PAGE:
For people who take multiple medications to manage chronic conditions, traipsing back and forth from the pharmacy to pick up pills can make it harder to stick to their doctors’ orders. But because insurers often don’t allow consumers to fill partial prescriptions to make medication renewal dates align, patients sometimes have no choice but to frequently shuttle to the drug store for refills.
Starting next year, that will change in Florida when the state’s new medication synchronization law goes into effect. The law, passed this year, requires insurers to let enrollees align the refill dates for most drugs at in-network pharmacies at least once during their insurance plan year. The insurers must pro-rate patient co-payments for partial refills.
The law doesn’t apply to self-funded companies that pay their workers’ medical claims directly.
Generally, prescriptions for chronic conditions are renewed every 30 days. Insurers often balk at covering a refill of a drug sooner than that, leaving patients to make a full copayment even if their doctor writes a prescription for a partial order.
The Medicare program allows beneficiaries with Part D drug plans to request less than a full month’s supply of a drug and pay a pro-rated amount.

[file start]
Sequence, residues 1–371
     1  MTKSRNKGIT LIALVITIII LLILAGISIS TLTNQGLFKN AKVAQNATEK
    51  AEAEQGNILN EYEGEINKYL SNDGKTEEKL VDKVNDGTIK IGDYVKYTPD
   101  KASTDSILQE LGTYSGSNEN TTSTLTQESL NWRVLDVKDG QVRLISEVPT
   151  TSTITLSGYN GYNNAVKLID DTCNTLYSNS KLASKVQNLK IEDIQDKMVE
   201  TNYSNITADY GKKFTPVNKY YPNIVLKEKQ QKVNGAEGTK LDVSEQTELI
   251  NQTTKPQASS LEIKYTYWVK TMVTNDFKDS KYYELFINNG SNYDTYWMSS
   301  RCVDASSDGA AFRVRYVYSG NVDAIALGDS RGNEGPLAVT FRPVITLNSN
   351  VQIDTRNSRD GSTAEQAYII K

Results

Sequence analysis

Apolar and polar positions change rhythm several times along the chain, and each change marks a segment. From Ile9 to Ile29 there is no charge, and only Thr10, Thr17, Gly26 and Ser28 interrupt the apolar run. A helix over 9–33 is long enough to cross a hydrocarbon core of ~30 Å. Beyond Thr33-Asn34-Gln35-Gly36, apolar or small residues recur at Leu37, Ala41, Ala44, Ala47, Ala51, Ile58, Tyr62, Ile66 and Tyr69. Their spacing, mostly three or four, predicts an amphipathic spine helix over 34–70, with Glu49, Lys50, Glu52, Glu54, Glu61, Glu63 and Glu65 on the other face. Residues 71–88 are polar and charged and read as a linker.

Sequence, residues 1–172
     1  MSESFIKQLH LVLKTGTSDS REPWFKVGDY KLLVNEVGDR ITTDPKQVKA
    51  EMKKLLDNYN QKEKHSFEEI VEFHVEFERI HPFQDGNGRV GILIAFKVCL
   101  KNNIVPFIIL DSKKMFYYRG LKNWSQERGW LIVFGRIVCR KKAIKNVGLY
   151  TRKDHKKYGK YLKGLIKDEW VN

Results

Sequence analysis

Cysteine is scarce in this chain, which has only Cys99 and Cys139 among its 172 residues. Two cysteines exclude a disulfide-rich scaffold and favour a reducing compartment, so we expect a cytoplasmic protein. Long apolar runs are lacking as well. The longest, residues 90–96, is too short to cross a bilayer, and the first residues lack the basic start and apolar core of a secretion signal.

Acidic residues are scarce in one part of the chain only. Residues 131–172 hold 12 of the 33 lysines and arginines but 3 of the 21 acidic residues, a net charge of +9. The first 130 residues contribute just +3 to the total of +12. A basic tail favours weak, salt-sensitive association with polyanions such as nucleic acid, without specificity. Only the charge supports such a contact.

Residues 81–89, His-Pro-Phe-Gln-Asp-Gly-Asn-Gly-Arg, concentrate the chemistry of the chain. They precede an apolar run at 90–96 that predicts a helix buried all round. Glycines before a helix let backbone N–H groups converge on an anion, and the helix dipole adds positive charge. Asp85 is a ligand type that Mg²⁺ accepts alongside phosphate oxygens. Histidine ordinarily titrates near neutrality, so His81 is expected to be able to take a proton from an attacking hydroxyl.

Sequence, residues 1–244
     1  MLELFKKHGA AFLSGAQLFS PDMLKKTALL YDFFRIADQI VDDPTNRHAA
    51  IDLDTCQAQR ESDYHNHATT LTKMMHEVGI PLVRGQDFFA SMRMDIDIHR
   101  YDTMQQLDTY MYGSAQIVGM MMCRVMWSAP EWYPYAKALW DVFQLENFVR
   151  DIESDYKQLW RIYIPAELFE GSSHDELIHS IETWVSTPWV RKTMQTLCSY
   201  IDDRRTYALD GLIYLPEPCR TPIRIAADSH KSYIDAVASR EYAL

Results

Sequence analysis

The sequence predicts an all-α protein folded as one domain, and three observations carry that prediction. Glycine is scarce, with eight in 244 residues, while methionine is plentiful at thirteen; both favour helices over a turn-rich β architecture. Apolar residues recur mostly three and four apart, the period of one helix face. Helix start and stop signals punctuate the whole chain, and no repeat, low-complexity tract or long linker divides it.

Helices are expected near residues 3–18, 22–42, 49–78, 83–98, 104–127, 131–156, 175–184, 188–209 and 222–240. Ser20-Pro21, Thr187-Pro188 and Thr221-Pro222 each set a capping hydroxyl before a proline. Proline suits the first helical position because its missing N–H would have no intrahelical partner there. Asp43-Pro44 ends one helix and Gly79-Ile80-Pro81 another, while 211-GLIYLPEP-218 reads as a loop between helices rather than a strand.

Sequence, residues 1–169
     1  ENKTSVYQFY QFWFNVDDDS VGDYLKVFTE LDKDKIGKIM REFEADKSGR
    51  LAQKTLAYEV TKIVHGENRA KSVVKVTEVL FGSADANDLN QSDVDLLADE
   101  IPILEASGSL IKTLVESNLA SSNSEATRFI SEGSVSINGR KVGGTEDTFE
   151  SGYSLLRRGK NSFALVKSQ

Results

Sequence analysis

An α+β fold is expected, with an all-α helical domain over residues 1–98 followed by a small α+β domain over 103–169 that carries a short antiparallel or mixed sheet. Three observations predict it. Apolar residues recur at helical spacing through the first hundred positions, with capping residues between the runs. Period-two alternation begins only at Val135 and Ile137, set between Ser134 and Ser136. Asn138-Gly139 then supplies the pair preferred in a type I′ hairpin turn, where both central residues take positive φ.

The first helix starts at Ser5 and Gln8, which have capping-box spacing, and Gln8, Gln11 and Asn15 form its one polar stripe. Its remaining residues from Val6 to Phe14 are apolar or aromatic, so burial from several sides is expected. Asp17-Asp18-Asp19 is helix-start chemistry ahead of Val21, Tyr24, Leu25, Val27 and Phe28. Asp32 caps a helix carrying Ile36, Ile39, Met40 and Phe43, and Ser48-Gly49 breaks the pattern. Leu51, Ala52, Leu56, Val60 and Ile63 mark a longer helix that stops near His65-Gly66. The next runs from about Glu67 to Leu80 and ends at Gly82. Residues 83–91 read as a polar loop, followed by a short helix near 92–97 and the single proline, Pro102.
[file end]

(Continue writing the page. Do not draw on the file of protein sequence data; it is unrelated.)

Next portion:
Consumer advocates say medication synchronization isn’t as serious a problem as not having coverage for the specific drugs or not being able to afford them because of high cost sharing. Still, the hassle factor of making multiple monthly trips to the pharmacy to get their drugs increases the odds that people will miss important medications.
The new law will make a big difference for HIV patients, many of whom take at least five HIV drugs and may need medications for other conditions such as high blood pressure or diabetes, said Michael Ruppal, executive director at the Tampa-based AIDS Institute, which advocated for the bill. He cited as an example one HIV patient who was on 11 medications, some of which he received through the mail and others that he picked up at two different retail pharmacies.
“People make all these multiple stops on different dates,” Ruppal said. “He had to track it all on a calendar.”
Florida, despite being a magnet for retirees, many of whom have chronic conditions, is hardly one of the first states to address this issue. Since 2014, about two dozen states have passed laws or put regulations in place requiring medication synchronization, said Fara Klein, manager of state government affairs at the National Community Pharmacists Association.
In addition to making it easier for patients to stick to their drug regimens, the new law may encourage patients to have conversations with their pharmacists at least once a year. When they align the drug renewals, they can also ask questions about how to take a drug, side effects and drug interactions, say advocates.
“For people who are over 50, it’s so important that pharmacists will be looking out to make sure there are no bad drug interactions,” said Dorene Barker, associate state director for AARP Florida.
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